The Saanich Civic League report card showing how council voted on select “value-based” decisions. For the complete report

The Saanich Civic League report card showing how council voted on select “value-based” decisions. For the complete report

Civic league releases council report card

Saanich Civic League examines snippet of voting record of incumbent councillors, mayor

A Saanich citizens group hopes its just released report card will serve as a benchmark for voters in the Nov. 19 municipal election.

The Saanich Civic League’s report, released yesterday, analyzes 20 motions Saanich council voted on over the past three-year term.

The report scores each of the nine-member council on whether their decision aligns with the civic league’s values.

“We look for when council was making a new decision. How did that new decision fit with these values?” said spokesperson Don Anderson. “When they had to face a new issue, how did they respond to that? How did that align with what people in Saanich want to see their council doing?”

The councillors most attuned to the league’s values are Vic Derman and Dean Murdock.

The lowest scorers were Coun. Wayne Hunter, who isn’t seeking re-election, and Mayor Frank Leonard.

Among the values the league considered important are leadership in combatting climate change, and support for local agriculture, local markets and food supply.

“You really only hear about (council) when they make a big decision, but there’s a whole bunch of other things (they vote on),” Anderson said. “(The council voting record report is) an attempt to get people talking about what council does, the kinds of decisions it makes and measuring those against what we have heard Saanich residents want.”

He acknowledged that the numbers aren’t completely objective.

Saanich council has voted on more than 1,000 items in the last term.

According to the Civic League, 92 per cent of the votes in 2010 were unanimous. However, the report card highlights only 20 decisions that show a disproportionate amount of split votes over three years.

“They were quite selective (during the 2008 election) of what they chose to share,” Mayor Leonard said Monday, prior to seeing this year’s version of the report card.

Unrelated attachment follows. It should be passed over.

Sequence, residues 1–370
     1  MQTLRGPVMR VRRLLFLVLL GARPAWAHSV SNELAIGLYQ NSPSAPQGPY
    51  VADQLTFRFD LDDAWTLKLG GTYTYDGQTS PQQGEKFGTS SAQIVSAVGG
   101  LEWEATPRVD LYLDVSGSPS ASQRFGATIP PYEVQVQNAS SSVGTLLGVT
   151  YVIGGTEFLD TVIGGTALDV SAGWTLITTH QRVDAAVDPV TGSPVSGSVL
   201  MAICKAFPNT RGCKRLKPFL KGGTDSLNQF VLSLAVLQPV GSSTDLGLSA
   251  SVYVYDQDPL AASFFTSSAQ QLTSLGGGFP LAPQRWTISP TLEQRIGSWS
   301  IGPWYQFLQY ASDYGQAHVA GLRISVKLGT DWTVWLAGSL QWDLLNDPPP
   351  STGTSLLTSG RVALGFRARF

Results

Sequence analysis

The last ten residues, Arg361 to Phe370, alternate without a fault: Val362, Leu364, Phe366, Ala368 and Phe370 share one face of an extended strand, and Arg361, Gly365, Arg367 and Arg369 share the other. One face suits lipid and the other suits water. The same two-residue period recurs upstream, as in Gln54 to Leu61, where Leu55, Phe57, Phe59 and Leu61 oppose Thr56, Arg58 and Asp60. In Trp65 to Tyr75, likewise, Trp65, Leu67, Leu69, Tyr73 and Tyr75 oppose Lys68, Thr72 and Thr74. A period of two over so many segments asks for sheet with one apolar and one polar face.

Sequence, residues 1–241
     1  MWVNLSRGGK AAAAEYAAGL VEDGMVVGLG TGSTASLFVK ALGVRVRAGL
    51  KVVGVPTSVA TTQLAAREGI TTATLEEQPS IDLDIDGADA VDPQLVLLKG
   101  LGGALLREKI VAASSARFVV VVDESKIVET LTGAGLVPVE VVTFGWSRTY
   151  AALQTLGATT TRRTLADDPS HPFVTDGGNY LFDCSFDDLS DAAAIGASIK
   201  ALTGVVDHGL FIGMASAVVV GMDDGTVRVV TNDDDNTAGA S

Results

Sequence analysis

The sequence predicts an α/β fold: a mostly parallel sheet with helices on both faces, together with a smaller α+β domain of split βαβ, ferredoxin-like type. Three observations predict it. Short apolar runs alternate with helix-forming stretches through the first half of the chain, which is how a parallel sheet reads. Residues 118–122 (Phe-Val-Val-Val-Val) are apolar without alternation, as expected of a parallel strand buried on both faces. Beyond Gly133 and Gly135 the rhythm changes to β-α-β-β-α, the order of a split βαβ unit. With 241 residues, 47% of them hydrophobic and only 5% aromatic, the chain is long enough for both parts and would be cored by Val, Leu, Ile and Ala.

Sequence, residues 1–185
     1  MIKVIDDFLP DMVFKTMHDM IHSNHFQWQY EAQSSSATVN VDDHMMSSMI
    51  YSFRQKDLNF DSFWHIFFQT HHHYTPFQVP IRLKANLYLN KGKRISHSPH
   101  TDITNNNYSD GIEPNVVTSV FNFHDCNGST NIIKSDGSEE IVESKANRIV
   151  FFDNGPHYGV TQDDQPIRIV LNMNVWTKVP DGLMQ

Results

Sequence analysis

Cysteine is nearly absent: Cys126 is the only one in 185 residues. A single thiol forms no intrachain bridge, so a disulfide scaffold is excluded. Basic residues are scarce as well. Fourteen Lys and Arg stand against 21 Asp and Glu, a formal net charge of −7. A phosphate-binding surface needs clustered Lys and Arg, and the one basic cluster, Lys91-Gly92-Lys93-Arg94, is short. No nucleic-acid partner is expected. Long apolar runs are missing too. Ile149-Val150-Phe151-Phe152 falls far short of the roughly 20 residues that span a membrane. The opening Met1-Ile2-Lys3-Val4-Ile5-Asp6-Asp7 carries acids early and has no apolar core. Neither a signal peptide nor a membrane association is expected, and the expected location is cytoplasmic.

“I think anything that tries to represent us as being split or divided on significant issues is not being genuine.”

Unanimous decisions on more than 90 per cent of votes – including what Leonard calls successes such as the acquisition of lands, consent for backyard chickens and support for light-rail on the Douglas Street corridor – is a better way to grade council. “It’s the outcomes that matter.”

Mayoral candidate David Cubberley called the voting record “useful” because the incumbent candidates “shouldn’t be afraid of how they voted.”

“I think it’s helpful to have that shown to the public. Hopefully (the Civic League has) worked hard to make it representative so it’s fair,” Cubberley said.

And while the eight-person Civic League says it is non-partisan, at least one member is also working on an election campaign – former councillor Carol Pickup, who hopes to help get Cubberley elected.

“We know that some of our executives may support particular candidates, but they don’t do it on Saanich Civic League time,” said Civic League chair Christine McLaren, stressing that the league is non-partisan.

For more information on the Saanich Civic League or to see complete details on the council voting record, visit saanichcivicleague.ca.

kslavin@saanichnews.com

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Saanich Civic League’s 10 values:

• Accessible government that works for citizens

• A community in social, environmental and economic balance

• A diversified and strong local economy

• Leadership to combat climate change

• Communities that are walkable, affordable, safe: village-centred neighbourhoods

• A strong commitment to heritage, culture and the arts

• Beauty as a civic priority; preservation of our natural areas; quality development

• Support for local agriculture, local markets, local food supply

• Accessible, clean-energy transportation networks

• Actively engaged citizens. Greater voter turnout

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